After our Dressage lesson, I had originally planned to spend the rest of week getting accustomed to some jumping again. I was going to focus on rhythm and impulsion over crossrails and small verticals (maybe 2’ max). Instead, I showed up on Saturday and my trainer asked if I wanted to join the weekly group jumping lesson. I was about 45 minutes early for it. My initial reaction was to tell her we weren’t ready for it. Instead, I asked her if it would be easy. She said it would be everyone’s first jumping lesson back, so I agreed to do it.
I am super happy I did.
The lesson started out with a quick flat warmup, asking us to get our horses thinking of moving forward and light. May and I are getting to be experts at this one. (Finally. This is hours and hours of just asking her not to run around on her forehand.) Then, we started with cantering through a set of poles to the right, getting the correct 6 strides, then adding for 7, then opening for 5. May was able to do the 6 and the 7 without any issues. The 5 was pretty elusive for us, as she doesn’t have a very big stride, so we ended with a 5.25 strides and called that close enough.
When we went to the left, we just asked for the regular 6 strides, since we were coming toward home. The first time through I over corrected for the change in direction and we got 6.25 strides. Then, I pushed through the line and got 5.75. My trainer and I got a bit of a laugh out of this, as I definitely have a more adjustable horse than I had last time I jumped.
Then, it was time to begin jumping. The goal of today was to make sure that everyone had breaks and had a positive experience (horses and riders). So we put up the first part of the line to a small vertical. We were asked to trot in and halt. May was actually really, really good about this. See below:
See? Not kidding. Really good. Which was great because the next step was to trot in, halt, and then trot out of the line. May was lazy off my leg and the small verticals didn’t entice her to try. Everyone tried this, but May and I didn’t have to try it again. The next time through, we had to canter into the line and canter out in the 6 strides then halt. How was May? Perfect again…
Oooook. So everything just kind of kept going really, really well. We did the one stride and halted without an issue.
Next up was the roll top then three strides to the pink vertical. This is not an easy exercise for May and I. May tends to fall out through her left shoulder and this was a left turn past the in-gate. As a result, we got crooked into the line and ended up doing 4 strides a couple of times. Finally, I figured out how to keep contact with my right rein and pushed my right spur (soft touch spurs) into her rib cage of the fence. And Voila! We got the 3 strides.
Then, we jumped the skinny to the Liverpool in 4 strides. This is the point May started to get tired. Can you tell? I can because all of a sudden her nice steady head start flinging around like she’s in a rock band. It’s her way of fighting me because she wants to drop back onto her forehand. Solution? Fitness. Fitness. Fitness.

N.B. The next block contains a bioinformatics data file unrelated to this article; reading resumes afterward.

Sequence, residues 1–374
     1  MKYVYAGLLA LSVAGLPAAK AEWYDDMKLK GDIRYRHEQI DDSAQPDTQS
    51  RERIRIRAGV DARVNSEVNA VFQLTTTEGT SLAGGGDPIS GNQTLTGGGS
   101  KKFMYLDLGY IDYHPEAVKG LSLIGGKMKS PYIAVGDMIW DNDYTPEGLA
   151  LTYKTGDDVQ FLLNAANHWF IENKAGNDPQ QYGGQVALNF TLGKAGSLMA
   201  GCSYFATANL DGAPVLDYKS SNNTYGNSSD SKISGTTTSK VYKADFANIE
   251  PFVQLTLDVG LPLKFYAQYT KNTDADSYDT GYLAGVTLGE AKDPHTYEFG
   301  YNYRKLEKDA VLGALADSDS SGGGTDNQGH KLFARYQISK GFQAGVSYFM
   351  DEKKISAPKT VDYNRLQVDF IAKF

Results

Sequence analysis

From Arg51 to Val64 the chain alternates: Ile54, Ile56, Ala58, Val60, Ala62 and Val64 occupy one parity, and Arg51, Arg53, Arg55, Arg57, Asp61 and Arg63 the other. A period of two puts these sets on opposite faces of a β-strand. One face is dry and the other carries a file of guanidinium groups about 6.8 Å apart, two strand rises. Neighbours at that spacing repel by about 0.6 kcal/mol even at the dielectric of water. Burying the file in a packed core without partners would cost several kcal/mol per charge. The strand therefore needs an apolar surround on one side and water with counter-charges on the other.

From there, we added a 5-stride bending line from the first part of the outside line to the coupe. This was an awkward line, as you had to go almost a full 4 strides straight before turning to the coupe. Of course, that is also a jump that has no standards or wings, so you have to be pretty spot on with your steering. If you all remember, May and I have a history with this jump and May thinking that it was a stupid idea to jump it. Now though, she seems to have gotten over it, and she jumped it great. Our line was wonky and we got 6 strides. I landed and let my reins slip through my fingers and let her stretch down, and got told to put knots in my reins so I stop doing that and to do it again.
So here I am, in my mid-20s, knotting my reins so that I stop letting them slip through as soon as I finish an exercise. The next time through, we found the proper line and had no issues getting the 5 or making it over the coupe. I had no issues with letting my reins run through my fingers at the end, and we watched as others gave the line a go. For the most part, it was the same. Everyone had an awkward first attempt but found the first line on the second try.
Finally, it was time to string the whole thing together. Below is what the course looked like: (1. Purple Vertical, 2. Barrels, 3a. block oxer, 3b. America Vertical, 4a. Roll top, 4b. Pink Vertical, 5. Teal skinny, 6. Liverpool, 7. Purple Vertical, 8. Coupe)
I also have video of how it went! For our first time back jumping, and the end of an hour long lesson, I am really happy with how I rode and how May listened.
May was tired and fought me a bit on staying light. In an (entirely misguided) effort to keep her light, I held onto my right rein entirely too much. By the end she was popping her whole shoulder through my right rein and leg (because endless nagging doesn’t make a soft horse). As a result, the bending line at the end ended up being a super direct line, and we got 4.25 strides. It was an ugly chip and May was exhausted, but I still see a lot of positives.
I think once we get the fitness back, May is going to be a super easy ride. We are able to start courses with the same forward rhythm as we are ending them on and the lightness of May’s forehand is allowing her to start finding her own spots without a whole lot of input from me other than maintaining the rhythm and the impulsion.
Things to work on include getting May to supple more on her right side. Again – as she gets tired, she gets disproportionately heavy on that side, which I am about 90% sure is the result of my weaknesses on that side. I also want to get May really fit again. My trainer suggested some interval training routines for us and recommended utilizing poles more in our flatwork. Of course, hill work is always encouraged.